Legacy

I’ve never grown older before, so forgive me if you have and I’m just being obvious.

The older I get the more I think about the balance between the entropic impermanence of all things and the human urge to continue creating and planning and hoping in the face of that impermanence.

I think it is all twisted up in this idea of legacy.

What excited you most in 2021?

I thought about legacy a lot this past year, and when I paused to reflect on what gave me back some of that hope and excitement during the past twelve (give or take) months, this idea of legacy kept popping into my head.

I’ve had no shortage of unplanned opportunities since starting a blog called “the cast iron guy” to explain my connection to that particular style of cookware, particularly since I can’t fallback to a simpler explanation such as “I sell it” (which I don’t) or “I collect it” (which my wife may argue is where I’m trending but my collection is not worth writing home about) or “I’m an expert in it” (which would be a stretch to sincerely claim.)

As I’ve often alluded to, occasionally openly written about, this whole “cast iron guy” idea strays into a universe where I adore all things ferrous, but is actually more of a clue to an overarching philosophy of lifestyle that I’ve been trying to embrace more fulsomely: uncomplicated things, life lived, and a mindset that reflects the philosophical practicality of well-seasoned cast iron frying pan, enduring, simple, down-to-earth & extremely useful, as I write in my snippet.

It’s also deeply entrenched with the idea of legacy.

Instilling in my daughter a legacy tied to objects like cookware and sourdough starters.

Building a legacy of lifestyle through travel, exploration and curiosity.

Maintaining a legacy of worldliness and environmental stewardship.

Leaving behind a legacy of ideology and an approach to the universe.

I think as we get older we may not all panic about the dwindling time we have left, but in some small way many of us start putting more effort into shaping what will remain behind when that time dwindles to nothing.

Maybe it’s imprecise to say I got excited about legacy this past year. Though it is clear that I thought and wrote and waxed poetic quite a lot about this idea of legacy, even if those thoughts were not strictly labelled as such.

Thirty one topics. Thirty one posts. Not exactly a list… but close. In December I like to look back on the year that was. My daily posts in December-ish are themed-ish and may contain spoilers set against the backdrop of some year-end-ish personal exposition.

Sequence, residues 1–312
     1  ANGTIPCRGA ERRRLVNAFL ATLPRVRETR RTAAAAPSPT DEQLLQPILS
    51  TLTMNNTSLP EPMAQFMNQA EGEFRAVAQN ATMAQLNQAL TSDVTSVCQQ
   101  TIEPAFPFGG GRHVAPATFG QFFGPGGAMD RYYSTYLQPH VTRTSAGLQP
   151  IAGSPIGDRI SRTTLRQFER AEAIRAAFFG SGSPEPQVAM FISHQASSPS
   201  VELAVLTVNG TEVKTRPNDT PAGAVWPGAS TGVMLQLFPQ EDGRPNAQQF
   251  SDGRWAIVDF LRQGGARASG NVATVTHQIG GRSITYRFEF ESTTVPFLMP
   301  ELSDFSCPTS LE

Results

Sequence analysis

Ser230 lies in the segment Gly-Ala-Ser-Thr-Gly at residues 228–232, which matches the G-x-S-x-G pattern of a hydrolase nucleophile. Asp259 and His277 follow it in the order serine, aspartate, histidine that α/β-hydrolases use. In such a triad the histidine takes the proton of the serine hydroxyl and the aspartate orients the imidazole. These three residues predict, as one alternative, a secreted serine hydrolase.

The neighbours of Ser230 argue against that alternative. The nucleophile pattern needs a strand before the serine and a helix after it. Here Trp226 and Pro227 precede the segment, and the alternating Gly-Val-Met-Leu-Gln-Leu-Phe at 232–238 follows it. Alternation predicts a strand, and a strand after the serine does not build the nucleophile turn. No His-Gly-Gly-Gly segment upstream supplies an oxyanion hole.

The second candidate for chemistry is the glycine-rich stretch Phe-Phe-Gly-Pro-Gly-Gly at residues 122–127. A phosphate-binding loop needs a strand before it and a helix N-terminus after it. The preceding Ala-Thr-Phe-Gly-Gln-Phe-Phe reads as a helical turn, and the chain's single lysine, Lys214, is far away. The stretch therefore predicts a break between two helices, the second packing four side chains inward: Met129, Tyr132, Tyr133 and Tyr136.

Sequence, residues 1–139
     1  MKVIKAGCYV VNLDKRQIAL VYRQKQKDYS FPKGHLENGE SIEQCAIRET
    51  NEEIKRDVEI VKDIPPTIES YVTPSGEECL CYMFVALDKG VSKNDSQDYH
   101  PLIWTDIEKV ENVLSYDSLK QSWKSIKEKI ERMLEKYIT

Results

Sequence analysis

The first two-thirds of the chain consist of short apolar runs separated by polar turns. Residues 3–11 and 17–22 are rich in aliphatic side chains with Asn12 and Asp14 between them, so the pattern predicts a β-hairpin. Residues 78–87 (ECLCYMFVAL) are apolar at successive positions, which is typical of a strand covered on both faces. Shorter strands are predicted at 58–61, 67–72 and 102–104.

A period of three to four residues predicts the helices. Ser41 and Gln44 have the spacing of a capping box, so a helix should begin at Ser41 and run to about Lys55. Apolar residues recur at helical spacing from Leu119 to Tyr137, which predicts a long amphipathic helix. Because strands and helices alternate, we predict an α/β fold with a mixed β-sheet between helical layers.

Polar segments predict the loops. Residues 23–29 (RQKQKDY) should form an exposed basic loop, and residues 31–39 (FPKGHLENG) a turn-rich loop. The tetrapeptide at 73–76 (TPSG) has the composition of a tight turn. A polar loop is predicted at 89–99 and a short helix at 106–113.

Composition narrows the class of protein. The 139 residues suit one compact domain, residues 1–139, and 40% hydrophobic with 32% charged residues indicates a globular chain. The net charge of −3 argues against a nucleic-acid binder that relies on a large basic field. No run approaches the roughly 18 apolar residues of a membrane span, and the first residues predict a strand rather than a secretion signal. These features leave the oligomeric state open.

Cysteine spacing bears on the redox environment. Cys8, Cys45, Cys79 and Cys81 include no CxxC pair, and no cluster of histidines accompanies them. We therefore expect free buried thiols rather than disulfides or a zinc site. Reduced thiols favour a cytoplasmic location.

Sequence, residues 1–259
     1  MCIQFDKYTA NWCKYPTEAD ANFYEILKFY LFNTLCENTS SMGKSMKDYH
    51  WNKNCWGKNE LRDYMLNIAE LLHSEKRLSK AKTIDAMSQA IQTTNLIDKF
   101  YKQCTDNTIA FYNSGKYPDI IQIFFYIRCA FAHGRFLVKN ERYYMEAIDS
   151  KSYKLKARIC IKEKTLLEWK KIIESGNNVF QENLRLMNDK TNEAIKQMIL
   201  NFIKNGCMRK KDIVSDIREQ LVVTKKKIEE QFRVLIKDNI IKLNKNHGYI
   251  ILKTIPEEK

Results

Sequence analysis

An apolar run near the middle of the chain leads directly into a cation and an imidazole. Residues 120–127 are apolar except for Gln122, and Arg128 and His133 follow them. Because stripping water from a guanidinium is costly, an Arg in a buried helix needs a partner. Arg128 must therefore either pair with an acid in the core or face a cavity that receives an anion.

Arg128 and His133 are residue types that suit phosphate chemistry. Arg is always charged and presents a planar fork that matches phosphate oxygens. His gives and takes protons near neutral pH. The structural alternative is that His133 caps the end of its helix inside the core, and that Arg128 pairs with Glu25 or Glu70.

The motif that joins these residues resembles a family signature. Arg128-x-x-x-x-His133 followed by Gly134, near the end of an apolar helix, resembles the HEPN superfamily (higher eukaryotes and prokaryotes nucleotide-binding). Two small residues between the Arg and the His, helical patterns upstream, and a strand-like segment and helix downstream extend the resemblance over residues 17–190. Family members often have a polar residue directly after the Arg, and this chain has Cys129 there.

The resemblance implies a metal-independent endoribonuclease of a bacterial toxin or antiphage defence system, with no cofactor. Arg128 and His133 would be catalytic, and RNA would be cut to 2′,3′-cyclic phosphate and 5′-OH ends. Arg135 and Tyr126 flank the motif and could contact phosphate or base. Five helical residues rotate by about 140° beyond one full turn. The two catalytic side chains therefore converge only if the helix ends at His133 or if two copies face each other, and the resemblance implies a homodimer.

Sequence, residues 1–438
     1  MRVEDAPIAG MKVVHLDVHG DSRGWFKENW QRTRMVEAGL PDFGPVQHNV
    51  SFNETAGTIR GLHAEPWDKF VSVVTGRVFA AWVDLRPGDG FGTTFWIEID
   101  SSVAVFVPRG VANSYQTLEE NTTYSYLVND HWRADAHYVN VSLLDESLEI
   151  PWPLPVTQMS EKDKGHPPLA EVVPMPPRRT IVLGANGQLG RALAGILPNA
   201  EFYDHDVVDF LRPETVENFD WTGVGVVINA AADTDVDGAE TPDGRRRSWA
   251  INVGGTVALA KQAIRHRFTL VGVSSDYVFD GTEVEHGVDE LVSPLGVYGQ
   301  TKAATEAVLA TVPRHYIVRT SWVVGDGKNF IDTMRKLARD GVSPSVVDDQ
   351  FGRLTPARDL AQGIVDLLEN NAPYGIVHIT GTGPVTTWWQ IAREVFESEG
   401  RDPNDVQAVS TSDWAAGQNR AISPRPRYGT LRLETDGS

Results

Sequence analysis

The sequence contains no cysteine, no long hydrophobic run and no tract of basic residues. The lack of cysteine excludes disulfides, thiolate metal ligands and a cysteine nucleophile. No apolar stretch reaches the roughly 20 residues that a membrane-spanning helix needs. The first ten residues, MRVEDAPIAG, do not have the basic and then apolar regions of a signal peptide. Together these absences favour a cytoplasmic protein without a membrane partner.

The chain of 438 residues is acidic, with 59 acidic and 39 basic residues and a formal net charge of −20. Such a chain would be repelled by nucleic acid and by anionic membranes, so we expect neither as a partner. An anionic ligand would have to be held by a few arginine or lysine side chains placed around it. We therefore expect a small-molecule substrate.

Picture Perfect

The nice thing about scaling back on my posting commitments for a couple months is that I’ve been able to comb through the site I’ve built this past year and tweak what’s here, refine how it’s displayed or add completely new things.

Most of this is “under the hood” so to speak, but regular readers may notice a few minor changes I’ve made to castironguy.ca over the last week or so.

One of the big things is photo galleries.

I hastily added a photo gallery plugin at the end of June as a means to do some light updates to the site in between my sporadic summer posting schedule. If you haven’t seen that I’ve been updating a Summer 2021 gallery of random photos a few times per week.

I’ve been fascinated by online photo sharing for a long time now. Fascinated? Well, intrigued and captured by the potential of sharing a medium that I love in a fluid and barrier-free way, I guess would be the better explanation.

For years, in fact, I maintained an online gallery that had thousands of photos grouped into hundreds of albums, ranging the gamut from kid-pics to be shared with the family, all the way through to a kind of semi-professional portfolio of my better, high quality images. The effort got dated, of course, content and software-wise. It was lightly hacked. I took it down, archived it and never tried to replace it.

I did replace it with social media, I guess. Over the last couple years I’ve been active on Instagram sharing photos to various curated accounts, one private for people I know IRL and a couple public themed accounts for everyone else. Yet, social media has lately become something of a tangled mess of paywalls and advertising and fake content and frustrations, so I’ve leaned away from that and other platforms in recent months and chosen to put more effort into private website content like this site.

So having added that gallery plugin I’ve been getting some photos into it, deciding how I want it to look and act, and posting some updated collections. It makes me excited to have a place to post more photos again. Stay tuned.